EVENTS to mark the anniversary of the Wickford Floods of 1958 have been taking place over the past few weeks.

A special exhibition was held at St Andrew’s Church in Wickford which saw schools, community groups and residents from across Wickford and Runwell

contributing to the event- sharing memories, photos and witness accounts and newspaper clippings of the tragedy.

Today we’ve also unearthed some photos from our archives which show the aftermath of the devastating event- known as the ‘Great Wickford Flood’ which occurred on the evening of September 5, 1958.

Water engulfed the town in just a few minutes. The normally placid River Crouch was to blame. That afternoon its flow had been little more than a trickle, then the mother of all cloudbursts rolled across south Essex from the south-west. The flood made headlines not only across Britain but also in Europe. Fortunately nobody was killed but it had a big impact on the lives of the residents of the town, and also left its mark on the shape of Wickford itself. The River Crouch was soon encased in a concrete drain to ensure that the

flooding was not repeated. The Southend Standard newspaper devoted page upon page to covering the flood, describing the storm as: “To a devil’s fanfare of thunder, lightning, torrential rain and hail, the River Crouch rose silently and swiftly to burst its banks and pour down the town of Wickford.

Water poured off the high ground between Billericay and Downham, drained into the river valley, and filled the river to the brim.

The devastation was immense. Two double decker buses were stranded in Wickford High Street, with the passengers and drivers having to spend the night on the top deck. Residents were trapped in their homes. Schools and shops were flooded, causing hundreds of thousands of pounds worth of damage.

Although Wickford bore the brunt of the storm, other areas were affected too.

In Southend rainfall reached ‘Monsoon intensity’ when almost a month’s worth of rain crashed down in one hour. Basildon and Vange were also hit, while the new £300,000 Sweyne School in Rayleigh was obliterated by the flood - one day after it had opened to pupils for the first time.

At Valentine’s Nursery in Laindon greenhouses saw water gushing in that reached more than 4ft. The nursery owner lost 75 per cent of his stock. In Pitsea police used a rubber dinghy to rescue a mother who was trapped in her home with her five children. Acts of heroism and stoicism were plentiful.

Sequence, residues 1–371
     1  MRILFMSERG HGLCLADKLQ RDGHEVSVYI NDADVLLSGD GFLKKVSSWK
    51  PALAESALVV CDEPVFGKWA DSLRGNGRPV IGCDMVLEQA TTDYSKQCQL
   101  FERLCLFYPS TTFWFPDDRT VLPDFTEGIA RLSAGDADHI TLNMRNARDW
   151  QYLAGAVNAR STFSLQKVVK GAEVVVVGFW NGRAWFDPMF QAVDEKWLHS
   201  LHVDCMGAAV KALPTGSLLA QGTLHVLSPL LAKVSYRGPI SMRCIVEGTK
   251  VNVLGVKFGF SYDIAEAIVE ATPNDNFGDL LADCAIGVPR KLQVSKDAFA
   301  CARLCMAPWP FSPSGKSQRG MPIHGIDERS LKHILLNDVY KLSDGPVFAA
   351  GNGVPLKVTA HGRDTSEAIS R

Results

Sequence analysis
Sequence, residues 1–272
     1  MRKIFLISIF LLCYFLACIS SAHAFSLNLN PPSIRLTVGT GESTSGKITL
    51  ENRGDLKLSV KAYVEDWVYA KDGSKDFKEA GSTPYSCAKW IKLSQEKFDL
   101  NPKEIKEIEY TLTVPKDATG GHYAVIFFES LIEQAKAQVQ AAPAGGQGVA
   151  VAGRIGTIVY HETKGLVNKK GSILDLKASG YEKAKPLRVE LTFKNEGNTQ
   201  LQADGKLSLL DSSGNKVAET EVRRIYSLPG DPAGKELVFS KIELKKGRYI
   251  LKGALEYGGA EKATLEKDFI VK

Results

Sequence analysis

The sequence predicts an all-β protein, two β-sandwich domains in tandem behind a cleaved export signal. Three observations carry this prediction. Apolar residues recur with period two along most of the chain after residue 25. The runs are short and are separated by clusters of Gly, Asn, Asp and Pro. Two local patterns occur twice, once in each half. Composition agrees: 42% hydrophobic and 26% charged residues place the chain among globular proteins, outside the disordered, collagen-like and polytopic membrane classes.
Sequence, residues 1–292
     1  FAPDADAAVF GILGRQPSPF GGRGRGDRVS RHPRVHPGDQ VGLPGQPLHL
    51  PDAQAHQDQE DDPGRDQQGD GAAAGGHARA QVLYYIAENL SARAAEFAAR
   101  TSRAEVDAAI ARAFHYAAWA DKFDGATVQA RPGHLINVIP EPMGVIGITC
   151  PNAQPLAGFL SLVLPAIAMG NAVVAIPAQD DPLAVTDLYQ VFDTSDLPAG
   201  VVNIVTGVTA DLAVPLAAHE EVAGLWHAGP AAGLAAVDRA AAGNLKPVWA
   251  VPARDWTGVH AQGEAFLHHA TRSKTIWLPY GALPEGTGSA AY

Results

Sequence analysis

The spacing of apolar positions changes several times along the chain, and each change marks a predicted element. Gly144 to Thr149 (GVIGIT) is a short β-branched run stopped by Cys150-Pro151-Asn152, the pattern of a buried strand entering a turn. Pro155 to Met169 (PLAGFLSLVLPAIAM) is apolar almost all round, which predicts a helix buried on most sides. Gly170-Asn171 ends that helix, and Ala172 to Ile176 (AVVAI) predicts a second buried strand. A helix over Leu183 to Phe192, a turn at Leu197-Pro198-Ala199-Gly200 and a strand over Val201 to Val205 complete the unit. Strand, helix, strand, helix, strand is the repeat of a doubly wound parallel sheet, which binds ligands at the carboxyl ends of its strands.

Reports ay the time remarked how as the storm violently thrashed, audiences and performers at the ‘Zip-a-hoy’ show taking place at the end of Southend Pier stuck it out and would not allow the weather to affect their enjoyment. Nobody fled until the curtain was down. In the Plough pub, next door to the Palace Theatre in Westcliff, meanwhile, staff stood on beer crates as the water gushed in, so they could carry on serving customers.

Memories of the terrible Canvey floods, just five years earlier, which killed 58 people, were still fresh in people’s mindset. But in the aftermath of the storm, the robust nature of residents quickly kicked in. The people weren’t going to be beaten. The clean-up began quickly. The morning after the floods, Wickford housewives turned up to do their shopping in the usual way, apart from the fact they were dressed in swimsuits. Some towed their shopping around on inflatables. Young cadets and St John Ambulance volunteers formed a human chain in Southend to help motorists get through. Shopkeepers battled to keep open. Warm weather followed the flood, and the combination of sun and damp gave Wickford one of the best seasons for late-flowering roses anyone could remember. A woman named ‘Mrs Sadler’ of Rochford Avenue, Westcliff even made the papers when she managed to grown an 8ft high Dahlia thanks to the rainy season.

Interestingly, press clippings from the Standard newspaper show the local weather had been strange for some time before the Great Flood. The Southend Carnival had been a complete washout a week earlier and then just days before the Wickford flood five people had to be rushed to hospital after a cottage in Great Wakering was struck by a bolt of ‘blue lightning’ during a severe storm. Several of the five were badly injured including one poor teenage lad who was left paralysed from the waist down and with a gaping whole in his elbow after being struck by lightning - it happened to be his 19th birthday.

On the same night - which was Thursday August 28 -lightning also struck Barling’s ancient parish church, causing significant damage. Just days before the great flood, weather experts in Southend recorded such a dramatic reading on their barograph that they sent it to the air ministry for further investigation.

The Standard reported how the barograph needle “did a dance” and recorded a “violent disturbance in the atmosphere”. One Southend weatherman went as far to say: “ It’s the sort of pattern you would expect somewhere in the tropics. I have never seen such a violent disturbance since I started keeping records here in 1935”. A week later the waters came. And even that wasn’t the end. Two weeks after the Great Flood, Wickford was flooded AGAIN - although this time to a somewhat lesser extent. This was the fifth flood to hit the town that year.